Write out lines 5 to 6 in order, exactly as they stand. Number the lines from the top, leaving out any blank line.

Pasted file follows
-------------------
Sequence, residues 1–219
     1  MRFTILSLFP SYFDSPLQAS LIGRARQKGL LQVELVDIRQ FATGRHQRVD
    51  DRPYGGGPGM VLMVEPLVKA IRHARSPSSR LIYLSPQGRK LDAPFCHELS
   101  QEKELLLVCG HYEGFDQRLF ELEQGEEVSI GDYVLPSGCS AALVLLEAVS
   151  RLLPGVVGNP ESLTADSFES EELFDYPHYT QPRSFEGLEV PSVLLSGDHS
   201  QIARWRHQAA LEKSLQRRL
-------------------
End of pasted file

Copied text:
   151  RLLPGVVGNP ESLTADSFES EELFDYPHYT QPRSFEGLEV PSVLLSGDHS
   201  QIARWRHQAA LEKSLQRRL